Mixed Aqueous Solvent Effects on Kinetics and Mechanisms of Organic Reactions
Water and mixtures of water with organic solvents are commonly used as solvents for a large variety of organic reactions. Over the last two decades, the mechanisms of many of these processes have been investigated in some detail, usually by kinetic techniques. Comparison of these results with those obtained for the same reactions in nonaqueous media have impressively illustrated that water and highly aqueous mixed solvents display remarkable and often amazing solvent effects on the rates and thermodynamic activation parameters of nucleophilic displacement reactions, acid—base catalyzed processes, and many other important reactions in organic chemistry. An interesting example of a large solvent rate effect is provided by the uncatalyzed decarboxylation of 6-nitrobenzisoxazole-3carboxylate (1) studied by Kemp and Paul(476) and also discussed by Jencks.(446) Upon changing the reaction medium from hexamethylphosphoramide decreased by a factor of ~108. In ethanol the rate retardation is about 106. Apparently, delocalization of the negative charge in the transition state for decarboxylation (2) is highly unfavorable in hydrogen bonding solvents and especially in water. On the other hand, numerous reactions are known that involve either the creation or localization of charge in the transition state of the rate-limiting step and which are markedly accelerated if an aprotic solvent medium is replaced by water.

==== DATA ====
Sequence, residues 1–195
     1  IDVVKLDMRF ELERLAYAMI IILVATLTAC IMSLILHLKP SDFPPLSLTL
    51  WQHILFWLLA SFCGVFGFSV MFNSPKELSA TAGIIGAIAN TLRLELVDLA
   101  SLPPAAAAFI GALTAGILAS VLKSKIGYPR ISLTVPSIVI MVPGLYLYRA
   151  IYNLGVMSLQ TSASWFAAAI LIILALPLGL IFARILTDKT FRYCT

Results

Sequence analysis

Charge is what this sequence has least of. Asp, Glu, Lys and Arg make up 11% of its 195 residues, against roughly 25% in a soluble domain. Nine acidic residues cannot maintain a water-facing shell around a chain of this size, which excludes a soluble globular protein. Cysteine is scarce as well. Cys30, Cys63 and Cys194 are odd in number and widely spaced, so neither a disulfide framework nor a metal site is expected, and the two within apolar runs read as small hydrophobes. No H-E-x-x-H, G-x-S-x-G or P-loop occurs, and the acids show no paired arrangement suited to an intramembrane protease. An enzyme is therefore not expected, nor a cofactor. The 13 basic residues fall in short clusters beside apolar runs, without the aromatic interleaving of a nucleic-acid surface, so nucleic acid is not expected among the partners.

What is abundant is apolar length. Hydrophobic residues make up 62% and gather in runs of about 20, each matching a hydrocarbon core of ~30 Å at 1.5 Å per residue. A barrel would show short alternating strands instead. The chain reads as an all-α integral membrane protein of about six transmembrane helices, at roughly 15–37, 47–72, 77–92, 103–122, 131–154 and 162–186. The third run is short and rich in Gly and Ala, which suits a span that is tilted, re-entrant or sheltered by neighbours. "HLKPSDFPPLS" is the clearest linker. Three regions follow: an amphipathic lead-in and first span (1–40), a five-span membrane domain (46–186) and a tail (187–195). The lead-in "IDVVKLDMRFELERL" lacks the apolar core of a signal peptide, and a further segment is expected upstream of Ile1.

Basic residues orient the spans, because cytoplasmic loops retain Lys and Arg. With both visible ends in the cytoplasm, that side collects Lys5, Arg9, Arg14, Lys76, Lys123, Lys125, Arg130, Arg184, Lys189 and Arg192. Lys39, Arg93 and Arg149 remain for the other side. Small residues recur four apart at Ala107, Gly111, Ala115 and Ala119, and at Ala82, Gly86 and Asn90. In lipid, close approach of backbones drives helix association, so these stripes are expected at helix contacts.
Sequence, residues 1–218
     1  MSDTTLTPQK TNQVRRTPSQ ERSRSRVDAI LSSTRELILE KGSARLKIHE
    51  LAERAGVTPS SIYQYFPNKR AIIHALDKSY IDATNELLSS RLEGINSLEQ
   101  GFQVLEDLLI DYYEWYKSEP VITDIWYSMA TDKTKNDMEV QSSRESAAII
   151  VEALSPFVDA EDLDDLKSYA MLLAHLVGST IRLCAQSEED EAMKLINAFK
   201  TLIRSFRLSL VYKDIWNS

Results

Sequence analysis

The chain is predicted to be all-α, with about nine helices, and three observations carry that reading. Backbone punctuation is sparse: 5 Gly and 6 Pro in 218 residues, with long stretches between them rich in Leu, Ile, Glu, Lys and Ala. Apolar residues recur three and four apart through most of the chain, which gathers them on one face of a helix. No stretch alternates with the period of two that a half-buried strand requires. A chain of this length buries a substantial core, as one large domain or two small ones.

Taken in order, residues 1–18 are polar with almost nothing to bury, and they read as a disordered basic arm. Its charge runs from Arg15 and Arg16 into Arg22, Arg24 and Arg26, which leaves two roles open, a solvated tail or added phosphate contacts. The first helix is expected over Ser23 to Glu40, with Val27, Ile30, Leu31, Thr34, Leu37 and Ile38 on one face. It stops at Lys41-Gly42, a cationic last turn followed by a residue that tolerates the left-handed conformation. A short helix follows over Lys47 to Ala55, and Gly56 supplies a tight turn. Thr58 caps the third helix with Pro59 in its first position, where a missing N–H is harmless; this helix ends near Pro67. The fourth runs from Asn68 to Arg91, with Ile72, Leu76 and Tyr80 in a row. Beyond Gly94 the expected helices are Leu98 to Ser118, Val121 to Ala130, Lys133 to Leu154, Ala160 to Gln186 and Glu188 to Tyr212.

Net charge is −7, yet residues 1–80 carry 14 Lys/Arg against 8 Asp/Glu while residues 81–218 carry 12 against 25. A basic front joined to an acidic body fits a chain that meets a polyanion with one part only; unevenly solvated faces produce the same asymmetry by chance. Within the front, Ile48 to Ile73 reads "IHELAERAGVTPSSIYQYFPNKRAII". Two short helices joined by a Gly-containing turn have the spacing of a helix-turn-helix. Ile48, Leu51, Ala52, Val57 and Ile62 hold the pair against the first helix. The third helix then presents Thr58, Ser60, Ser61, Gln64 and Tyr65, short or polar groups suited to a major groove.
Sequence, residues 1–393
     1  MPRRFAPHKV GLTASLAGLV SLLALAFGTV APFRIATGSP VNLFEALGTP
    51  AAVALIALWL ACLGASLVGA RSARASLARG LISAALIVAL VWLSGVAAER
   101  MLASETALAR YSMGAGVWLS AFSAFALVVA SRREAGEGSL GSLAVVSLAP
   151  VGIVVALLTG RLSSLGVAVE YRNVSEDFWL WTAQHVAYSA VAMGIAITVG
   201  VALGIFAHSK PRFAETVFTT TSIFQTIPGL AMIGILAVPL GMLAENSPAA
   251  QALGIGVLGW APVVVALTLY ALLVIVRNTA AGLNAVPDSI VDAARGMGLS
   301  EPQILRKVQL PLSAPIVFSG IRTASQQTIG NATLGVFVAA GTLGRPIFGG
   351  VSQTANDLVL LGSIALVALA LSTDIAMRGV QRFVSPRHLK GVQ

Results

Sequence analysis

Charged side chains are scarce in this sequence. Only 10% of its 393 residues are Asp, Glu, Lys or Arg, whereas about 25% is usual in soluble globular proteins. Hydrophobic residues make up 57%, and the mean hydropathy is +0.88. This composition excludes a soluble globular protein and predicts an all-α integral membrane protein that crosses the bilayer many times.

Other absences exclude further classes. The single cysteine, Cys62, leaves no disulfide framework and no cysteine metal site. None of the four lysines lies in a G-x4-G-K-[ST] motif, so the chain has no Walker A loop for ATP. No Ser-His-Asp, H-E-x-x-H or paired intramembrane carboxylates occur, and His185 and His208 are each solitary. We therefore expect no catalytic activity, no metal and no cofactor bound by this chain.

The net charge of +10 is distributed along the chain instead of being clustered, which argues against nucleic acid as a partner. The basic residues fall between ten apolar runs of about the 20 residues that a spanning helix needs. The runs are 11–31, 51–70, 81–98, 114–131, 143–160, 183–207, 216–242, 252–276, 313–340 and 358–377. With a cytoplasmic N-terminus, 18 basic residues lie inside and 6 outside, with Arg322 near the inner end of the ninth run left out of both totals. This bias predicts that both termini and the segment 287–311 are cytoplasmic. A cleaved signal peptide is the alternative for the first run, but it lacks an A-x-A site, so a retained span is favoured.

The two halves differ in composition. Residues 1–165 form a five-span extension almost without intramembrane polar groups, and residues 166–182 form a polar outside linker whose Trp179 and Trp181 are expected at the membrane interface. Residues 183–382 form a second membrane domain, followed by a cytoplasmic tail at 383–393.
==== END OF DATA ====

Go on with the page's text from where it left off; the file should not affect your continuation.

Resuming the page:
KeywordsTransition State Solvent Effect Organic Reaction Solvent Composition Typically Aqueous
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